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When I mentioned Haldol, I neglected to mention that one of the biggest problems with it is that it can become a zombie-fying drug. You know your loved one the best and you must watch for changes that indicate the doctors maybe ordering too much. Your knowledge about the persons usual behavior and calm, logical reporting to the medical staff and the doctors should result in and adjustment to the medication that will benefit the patient.
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Liquid Haldol doesn't seem to have a flavor, and can be added to a small drink. Just be sure it is finished. It helps the paranoid, and out of control behavior.
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corrections ... (once again I have to apologize for the voice recognition on my android...yikes!)

tablets are often better AND CAN BE disguised IN PUDDING or applesauce

I am frankly surprised that they CAN'T handle it

TO help take some of the pressure OFF the nursing home

There's AN uncooperative, almost psychotic phase

Is she in A LOCKED AND licensed memory care facility

a new place that suits HER needs
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Depends on what shes taking.

Capsules are tough because they're not supposed to be broken up. If doctors are made aware of the problem, they can frequently prescribe a crushable tablet as an alternative. Or sometimes a liquid, such as Tylenol or Advil.

Flavored liquid Tylenol or Advil can be put into juice and giving it is imperceptible. Medical tablets are often bitter the candy disguise inputting or applesauce. Your profile says your mom has dementia. Is she at a dementia friendly facility? Nurses and caretakers there typically know the routine. Unfortunately what you describe is not out of the ordinary and I am frankly surprised that they can handle it.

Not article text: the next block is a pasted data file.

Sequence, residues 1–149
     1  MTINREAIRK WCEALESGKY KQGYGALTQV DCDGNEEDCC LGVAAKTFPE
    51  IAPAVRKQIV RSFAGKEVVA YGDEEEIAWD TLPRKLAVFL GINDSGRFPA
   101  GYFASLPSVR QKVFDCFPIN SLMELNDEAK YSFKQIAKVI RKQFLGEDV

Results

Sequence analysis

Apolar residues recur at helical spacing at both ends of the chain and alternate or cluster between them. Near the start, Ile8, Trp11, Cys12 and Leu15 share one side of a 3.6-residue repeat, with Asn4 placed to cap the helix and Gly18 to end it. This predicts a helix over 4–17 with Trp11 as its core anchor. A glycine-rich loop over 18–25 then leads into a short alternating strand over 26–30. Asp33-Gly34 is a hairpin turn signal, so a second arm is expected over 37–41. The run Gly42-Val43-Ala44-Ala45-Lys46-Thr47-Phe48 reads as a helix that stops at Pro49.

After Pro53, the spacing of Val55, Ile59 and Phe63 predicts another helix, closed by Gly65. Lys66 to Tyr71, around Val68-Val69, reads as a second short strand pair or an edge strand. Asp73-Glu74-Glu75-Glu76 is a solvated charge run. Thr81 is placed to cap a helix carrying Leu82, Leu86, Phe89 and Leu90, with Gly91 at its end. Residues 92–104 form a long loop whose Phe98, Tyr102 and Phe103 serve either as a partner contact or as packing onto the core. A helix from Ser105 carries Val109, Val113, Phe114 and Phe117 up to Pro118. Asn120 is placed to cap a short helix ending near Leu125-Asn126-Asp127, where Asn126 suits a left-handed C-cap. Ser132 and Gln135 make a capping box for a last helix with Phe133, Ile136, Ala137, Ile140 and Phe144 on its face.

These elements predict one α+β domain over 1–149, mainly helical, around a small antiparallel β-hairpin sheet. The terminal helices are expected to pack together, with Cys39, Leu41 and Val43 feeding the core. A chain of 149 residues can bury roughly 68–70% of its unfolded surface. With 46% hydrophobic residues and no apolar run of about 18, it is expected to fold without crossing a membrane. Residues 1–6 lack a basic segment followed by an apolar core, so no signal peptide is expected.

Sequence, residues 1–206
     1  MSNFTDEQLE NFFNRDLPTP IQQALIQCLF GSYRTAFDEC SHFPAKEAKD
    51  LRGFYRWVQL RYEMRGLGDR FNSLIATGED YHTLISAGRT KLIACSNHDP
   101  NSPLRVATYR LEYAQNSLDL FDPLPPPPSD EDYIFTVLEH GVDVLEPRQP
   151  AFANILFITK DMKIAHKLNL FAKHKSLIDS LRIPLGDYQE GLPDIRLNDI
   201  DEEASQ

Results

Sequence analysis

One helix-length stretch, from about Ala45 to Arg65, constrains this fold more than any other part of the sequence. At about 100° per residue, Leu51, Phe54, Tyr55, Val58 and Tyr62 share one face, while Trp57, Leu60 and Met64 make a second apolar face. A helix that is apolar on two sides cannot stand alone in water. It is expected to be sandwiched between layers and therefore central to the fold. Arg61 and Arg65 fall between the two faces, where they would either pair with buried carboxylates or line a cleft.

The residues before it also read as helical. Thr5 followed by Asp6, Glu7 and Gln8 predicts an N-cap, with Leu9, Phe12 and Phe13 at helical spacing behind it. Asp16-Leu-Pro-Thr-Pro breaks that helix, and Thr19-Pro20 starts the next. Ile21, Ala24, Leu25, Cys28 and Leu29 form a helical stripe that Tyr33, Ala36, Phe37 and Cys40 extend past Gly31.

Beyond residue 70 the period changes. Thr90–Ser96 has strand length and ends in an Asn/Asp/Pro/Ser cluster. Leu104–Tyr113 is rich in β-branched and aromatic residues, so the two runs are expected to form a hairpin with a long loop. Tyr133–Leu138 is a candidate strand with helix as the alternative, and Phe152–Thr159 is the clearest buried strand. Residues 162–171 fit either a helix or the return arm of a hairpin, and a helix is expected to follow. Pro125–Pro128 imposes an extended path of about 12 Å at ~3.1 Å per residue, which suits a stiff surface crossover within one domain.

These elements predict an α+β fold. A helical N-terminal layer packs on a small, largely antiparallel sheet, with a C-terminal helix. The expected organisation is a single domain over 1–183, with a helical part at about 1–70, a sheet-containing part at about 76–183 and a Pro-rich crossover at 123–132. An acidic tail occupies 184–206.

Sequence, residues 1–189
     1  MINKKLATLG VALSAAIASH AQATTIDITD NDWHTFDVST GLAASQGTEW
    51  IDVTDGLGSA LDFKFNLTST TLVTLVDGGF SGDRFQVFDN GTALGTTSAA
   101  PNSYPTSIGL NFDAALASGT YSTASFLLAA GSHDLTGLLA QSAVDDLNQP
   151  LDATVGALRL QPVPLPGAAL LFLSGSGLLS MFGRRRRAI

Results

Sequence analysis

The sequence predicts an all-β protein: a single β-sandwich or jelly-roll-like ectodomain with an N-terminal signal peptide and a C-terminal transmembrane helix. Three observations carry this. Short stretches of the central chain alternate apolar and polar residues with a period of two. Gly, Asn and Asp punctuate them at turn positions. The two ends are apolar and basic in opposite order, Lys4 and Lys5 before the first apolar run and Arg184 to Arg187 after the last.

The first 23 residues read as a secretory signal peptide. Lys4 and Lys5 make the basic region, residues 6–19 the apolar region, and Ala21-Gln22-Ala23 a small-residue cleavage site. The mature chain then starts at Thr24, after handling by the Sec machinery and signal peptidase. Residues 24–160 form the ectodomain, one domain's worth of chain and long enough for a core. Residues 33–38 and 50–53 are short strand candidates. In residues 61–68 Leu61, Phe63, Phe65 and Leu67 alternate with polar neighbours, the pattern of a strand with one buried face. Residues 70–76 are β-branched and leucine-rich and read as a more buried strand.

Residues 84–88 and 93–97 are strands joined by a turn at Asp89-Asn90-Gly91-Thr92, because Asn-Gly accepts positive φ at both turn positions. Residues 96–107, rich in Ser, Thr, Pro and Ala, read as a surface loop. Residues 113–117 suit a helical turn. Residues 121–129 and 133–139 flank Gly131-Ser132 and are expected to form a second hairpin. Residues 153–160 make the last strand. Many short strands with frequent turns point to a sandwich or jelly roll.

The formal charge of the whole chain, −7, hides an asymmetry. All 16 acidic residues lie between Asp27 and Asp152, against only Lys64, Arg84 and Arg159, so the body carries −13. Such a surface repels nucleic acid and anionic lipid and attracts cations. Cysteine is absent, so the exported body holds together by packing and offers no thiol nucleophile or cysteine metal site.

Also, if they are alternating between telling you she's on her last leg and then she's not, a conversation with the doctor is in order as to whether or not she's hospice appropriate, which would involve the doctor certifying that in his opinion she has 6 months or less to live. Then through the hospice program there are other services available the help take some of the pressure of the nursing home.

There's uncooperative, almost psychotic phase that a lot of dementia patients get into at the end and that's why Haldol, which is an anti-psychotic, also comes in a liquid form. How progressed is her dementia? Is she in a lot and licensed memory care facility? If not, they just don't know how to handle her and the inadequacy of that is rubbing off on you. YOU may need to find her a new place that suits your needs and level of care.